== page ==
Nikki lives in cosmopolitan West London, where she tends bar at the local pub. The daughter of Indian immigrants, she’s spent most of her twenty-odd years distancing herself from the traditional Sikh community of her childhood, preferring a more independent (that is, Western) life. When her father’s death leaves the family financially strapped, Nikki, a law school dropout, impulsively takes a job teaching a "creative writing" course at the community center in the beating heart of London’s close-knit Punjabi community.
Because of a miscommunication, the proper Sikh widows who show up are expecting to learn basic English literacy, not the art of short-story writing. When one of the widows finds a book of sexy stories in English and shares it with the class, Nikki realizes that beneath their white dupattas, her students have a wealth of fantasies and memories. Eager to liberate these modest women, she teaches them how to express their untold stories, unleashing creativity of the most unexpected—and exciting—kind.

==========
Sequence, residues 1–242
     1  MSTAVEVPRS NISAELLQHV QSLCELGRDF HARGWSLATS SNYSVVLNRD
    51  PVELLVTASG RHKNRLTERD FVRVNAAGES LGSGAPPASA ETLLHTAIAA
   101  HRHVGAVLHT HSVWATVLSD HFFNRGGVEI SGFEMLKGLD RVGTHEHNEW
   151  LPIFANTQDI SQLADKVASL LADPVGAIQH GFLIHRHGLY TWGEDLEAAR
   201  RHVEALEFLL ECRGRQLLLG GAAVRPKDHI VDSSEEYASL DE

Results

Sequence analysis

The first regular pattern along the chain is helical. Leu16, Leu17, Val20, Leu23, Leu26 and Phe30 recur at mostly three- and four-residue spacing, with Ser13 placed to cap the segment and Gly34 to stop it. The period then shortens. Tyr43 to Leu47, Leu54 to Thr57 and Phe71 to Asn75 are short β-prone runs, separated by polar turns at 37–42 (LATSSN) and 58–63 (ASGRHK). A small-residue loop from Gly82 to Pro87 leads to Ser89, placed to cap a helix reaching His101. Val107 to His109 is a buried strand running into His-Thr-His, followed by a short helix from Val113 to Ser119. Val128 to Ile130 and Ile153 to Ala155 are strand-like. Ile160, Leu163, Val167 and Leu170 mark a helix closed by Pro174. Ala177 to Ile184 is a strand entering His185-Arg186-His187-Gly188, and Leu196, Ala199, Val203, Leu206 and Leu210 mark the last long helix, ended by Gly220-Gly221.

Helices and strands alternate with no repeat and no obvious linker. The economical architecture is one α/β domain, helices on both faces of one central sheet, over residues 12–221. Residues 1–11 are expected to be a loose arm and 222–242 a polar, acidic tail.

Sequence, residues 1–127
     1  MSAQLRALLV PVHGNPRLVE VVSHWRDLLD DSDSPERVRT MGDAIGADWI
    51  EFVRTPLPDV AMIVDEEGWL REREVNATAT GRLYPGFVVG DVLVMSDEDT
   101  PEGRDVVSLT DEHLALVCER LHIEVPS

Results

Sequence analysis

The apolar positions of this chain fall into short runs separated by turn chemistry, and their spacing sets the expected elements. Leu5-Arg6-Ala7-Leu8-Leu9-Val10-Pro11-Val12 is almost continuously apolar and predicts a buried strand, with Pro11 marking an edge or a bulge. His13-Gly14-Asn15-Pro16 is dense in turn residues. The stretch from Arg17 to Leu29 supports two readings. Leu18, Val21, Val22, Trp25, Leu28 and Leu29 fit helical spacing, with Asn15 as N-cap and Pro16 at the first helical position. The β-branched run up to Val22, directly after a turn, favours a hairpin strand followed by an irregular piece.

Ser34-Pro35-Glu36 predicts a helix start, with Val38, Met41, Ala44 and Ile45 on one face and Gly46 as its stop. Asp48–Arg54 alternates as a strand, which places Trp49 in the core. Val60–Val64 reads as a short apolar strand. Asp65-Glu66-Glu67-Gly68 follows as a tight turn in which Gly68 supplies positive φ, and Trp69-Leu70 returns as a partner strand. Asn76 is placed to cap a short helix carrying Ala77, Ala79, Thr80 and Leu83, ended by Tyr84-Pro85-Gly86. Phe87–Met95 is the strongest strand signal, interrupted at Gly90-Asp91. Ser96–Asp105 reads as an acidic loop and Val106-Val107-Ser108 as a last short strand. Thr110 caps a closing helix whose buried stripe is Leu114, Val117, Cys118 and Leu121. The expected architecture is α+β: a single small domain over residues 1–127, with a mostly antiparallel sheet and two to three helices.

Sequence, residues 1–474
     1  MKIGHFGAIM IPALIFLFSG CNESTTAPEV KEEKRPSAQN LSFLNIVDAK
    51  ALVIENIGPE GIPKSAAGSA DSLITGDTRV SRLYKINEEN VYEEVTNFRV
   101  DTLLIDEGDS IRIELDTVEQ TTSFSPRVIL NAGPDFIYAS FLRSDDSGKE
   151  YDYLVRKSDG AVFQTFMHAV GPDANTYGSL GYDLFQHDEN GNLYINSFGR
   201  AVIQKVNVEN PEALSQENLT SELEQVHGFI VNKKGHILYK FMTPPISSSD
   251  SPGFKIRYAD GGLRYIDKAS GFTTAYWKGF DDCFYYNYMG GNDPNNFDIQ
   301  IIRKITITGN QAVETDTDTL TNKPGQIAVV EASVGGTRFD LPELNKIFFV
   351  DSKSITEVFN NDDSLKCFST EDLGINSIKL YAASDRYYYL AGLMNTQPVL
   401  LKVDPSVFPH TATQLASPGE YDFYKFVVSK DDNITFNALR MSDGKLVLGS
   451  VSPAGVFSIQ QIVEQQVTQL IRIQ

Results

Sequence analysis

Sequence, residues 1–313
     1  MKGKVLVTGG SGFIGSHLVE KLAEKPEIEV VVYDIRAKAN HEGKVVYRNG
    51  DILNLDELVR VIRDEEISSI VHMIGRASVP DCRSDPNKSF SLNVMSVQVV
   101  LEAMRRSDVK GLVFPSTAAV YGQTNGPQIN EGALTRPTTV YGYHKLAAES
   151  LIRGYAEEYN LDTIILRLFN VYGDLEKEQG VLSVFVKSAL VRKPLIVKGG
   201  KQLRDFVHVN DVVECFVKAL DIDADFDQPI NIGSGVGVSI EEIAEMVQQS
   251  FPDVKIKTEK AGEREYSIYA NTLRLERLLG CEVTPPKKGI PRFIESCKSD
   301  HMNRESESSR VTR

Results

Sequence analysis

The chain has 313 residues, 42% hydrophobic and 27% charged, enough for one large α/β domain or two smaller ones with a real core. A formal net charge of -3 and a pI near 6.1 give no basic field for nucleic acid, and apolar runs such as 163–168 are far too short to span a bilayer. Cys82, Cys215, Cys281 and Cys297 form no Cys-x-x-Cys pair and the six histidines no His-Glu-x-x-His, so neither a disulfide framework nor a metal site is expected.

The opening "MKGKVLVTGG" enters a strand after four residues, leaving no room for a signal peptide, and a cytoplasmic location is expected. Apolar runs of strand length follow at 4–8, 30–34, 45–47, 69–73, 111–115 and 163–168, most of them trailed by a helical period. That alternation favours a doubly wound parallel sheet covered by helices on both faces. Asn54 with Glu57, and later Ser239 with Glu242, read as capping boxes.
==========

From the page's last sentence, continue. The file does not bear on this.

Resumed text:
As more women are drawn to the class, Nikki warns her students to keep their work secret from the Brotherhood, a group of highly conservative young men who have appointed themselves the community’s "moral police." But when the widows’ gossip offers shocking insights into the death of a young wife—a modern woman like Nikki—and some of the class erotica is shared among friends, it sparks a scandal that threatens them all. (jacket)